Banks are notorious for sneaking in fees you didn’t even know existed. Take for example, bank teller fees, check copy fees, early account closure fees, and the grandaddy of them all, the non-sufficient fund, or NSF, fee.
However, a new wave of bank transparency is sweeping the industry. Consumers are savvier than ever when it comes to comparing bank services. So, more and more banks are touting free access to services that used to come with hefty fees. Discover is the latest to join the ranks of banks that offer no-fee services.
What Discover Bank fees have been removed exactly?
Discover recently announced it will no longer charge fees on its money market, savings, and checking accounts. And that includes overdraft fees and the $30 non-sufficient funds fee Discover used to charge its customers.
Farewell overdraft and NSF fees
This is a big deal, particularly for Discover’s most vulnerable clients. Overdraft and insufficient funds fees are two of the most expensive fees you will ever get hit with. According to the CFPB, Americans pay around $17 billion in overdraft and NSF fees every year (source).
Typically, banks charge $35 per overdraft, which means you can get hit with the same fee several times a day, plus a non-sufficient-funds fee (NSF) of around $30 for good measure.
Discover customers can still opt-in overdraft protection that links a savings account to their checking account to cover. Customers who don’t join the overdraft program will just get payments rejected (with no fee) when they don’t have enough funds in their accounts.
Other fees Discover will no longer charge customers
As well as overdraft and NSF fees, Discover will also remove stop payment fees, excessive withdrawal fees (on money market and savings accounts), minimum balance fees (on money market accounts), and will continue to not charge monthly maintenance fees.
I applaud Discover’s move to remove the stop payment fee. A few months ago I had to tell my credit union to stop payment on a rogue vendor who wanted to charge me for services I hadn’t received and I had to pay $20 for the service. Not a huge deal but it was annoying to have to pay a fee for stopping a payment, particularly because it was only a small amount.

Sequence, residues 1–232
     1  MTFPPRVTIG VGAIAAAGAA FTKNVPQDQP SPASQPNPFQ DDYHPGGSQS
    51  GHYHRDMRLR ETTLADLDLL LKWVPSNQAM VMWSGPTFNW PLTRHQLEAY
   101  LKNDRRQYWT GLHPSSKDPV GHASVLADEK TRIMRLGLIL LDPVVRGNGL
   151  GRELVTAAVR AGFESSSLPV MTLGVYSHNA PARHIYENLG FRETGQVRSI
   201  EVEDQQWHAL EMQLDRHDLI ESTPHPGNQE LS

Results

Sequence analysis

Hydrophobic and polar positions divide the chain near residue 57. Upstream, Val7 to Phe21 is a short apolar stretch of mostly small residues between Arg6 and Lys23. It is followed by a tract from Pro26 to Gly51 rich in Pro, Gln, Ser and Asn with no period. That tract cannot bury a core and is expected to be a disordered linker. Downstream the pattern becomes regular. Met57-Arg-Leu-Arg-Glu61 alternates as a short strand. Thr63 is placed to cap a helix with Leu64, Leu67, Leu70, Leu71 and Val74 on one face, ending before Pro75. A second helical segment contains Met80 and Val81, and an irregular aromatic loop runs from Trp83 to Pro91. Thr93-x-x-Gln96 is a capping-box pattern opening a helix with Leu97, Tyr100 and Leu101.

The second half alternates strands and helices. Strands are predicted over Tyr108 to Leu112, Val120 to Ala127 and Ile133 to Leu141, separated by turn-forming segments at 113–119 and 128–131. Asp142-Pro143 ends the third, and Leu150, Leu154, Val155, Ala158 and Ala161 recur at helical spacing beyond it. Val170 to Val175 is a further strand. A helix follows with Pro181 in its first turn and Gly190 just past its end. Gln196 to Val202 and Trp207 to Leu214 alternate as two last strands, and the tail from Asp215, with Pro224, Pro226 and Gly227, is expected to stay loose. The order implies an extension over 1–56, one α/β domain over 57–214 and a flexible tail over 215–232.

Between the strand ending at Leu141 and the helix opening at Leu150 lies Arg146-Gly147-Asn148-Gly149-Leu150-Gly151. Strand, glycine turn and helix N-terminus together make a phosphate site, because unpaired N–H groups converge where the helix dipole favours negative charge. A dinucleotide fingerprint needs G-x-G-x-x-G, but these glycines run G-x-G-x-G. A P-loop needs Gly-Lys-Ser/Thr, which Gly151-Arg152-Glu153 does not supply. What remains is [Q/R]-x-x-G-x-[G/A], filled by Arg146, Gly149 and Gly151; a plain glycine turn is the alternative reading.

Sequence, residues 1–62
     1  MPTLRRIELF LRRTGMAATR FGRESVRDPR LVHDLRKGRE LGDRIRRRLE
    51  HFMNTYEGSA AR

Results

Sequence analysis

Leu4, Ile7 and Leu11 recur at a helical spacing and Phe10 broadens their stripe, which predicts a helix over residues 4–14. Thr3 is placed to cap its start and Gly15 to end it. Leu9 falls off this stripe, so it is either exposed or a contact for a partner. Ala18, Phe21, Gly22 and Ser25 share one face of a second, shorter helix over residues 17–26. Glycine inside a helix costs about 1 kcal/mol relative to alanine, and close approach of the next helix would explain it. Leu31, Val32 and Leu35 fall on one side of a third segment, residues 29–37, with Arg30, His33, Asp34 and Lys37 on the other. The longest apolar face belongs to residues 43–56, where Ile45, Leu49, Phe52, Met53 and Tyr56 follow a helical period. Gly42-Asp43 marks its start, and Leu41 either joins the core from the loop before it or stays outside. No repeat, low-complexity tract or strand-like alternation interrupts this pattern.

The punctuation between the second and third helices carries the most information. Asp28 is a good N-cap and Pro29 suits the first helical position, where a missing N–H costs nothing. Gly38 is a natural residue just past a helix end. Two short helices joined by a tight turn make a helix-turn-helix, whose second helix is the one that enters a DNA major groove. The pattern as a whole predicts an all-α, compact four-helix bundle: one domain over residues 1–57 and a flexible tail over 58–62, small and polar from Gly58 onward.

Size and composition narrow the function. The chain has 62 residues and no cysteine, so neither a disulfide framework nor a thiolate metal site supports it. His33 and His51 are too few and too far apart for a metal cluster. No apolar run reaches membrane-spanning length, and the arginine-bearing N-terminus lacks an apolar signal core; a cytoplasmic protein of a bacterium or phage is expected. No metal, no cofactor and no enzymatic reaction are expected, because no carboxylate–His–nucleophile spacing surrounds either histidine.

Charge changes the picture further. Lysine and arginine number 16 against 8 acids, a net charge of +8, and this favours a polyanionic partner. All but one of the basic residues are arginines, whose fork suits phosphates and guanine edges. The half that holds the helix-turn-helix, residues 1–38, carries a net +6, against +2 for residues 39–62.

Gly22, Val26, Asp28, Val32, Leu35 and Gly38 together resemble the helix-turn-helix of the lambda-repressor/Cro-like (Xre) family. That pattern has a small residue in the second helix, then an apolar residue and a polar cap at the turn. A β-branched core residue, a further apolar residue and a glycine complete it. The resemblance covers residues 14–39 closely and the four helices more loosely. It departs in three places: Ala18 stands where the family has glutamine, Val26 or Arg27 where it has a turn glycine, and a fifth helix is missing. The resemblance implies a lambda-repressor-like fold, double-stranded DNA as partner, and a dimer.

How does Discover Bank compare to other banks?
No-fees accounts are great. But they don’t mean much if you can’t get the banking services you need.
Here is a brief summary of the pros and cons of Discover checking and savings accounts.
Here is a list of the benefits and the drawbacks to consider.
- Certificates of Deposit (CDs) with competitive rates
- Large ATM network
- 24/7 customer service
- Generous signup bonuses
- No physical branches (unless you live close to their one branch in Delaware)
- A high minimum balance to open a CD account
- You have to jump through hoops to qualify for the signup bonuses.
Discover may be the latest bank to join the “fee-free” bandwagon but it’s certainly not the only one. There are other banks and online financial institutions with a similar philosophy to fees and even better interest rates. Check SuperMoney’s savings and checking accounts comparison tools to find the best deal for you.
Andrew is the managing editor for SuperMoney and a certified personal finance counselor. He loves to geek out on financial data and translate it into actionable insights everyone can understand. His work is often cited by major publications and institutions, such as Forbes, U.S. News, Fox Business, SFGate, Realtor, Deloitte, and Business Insider.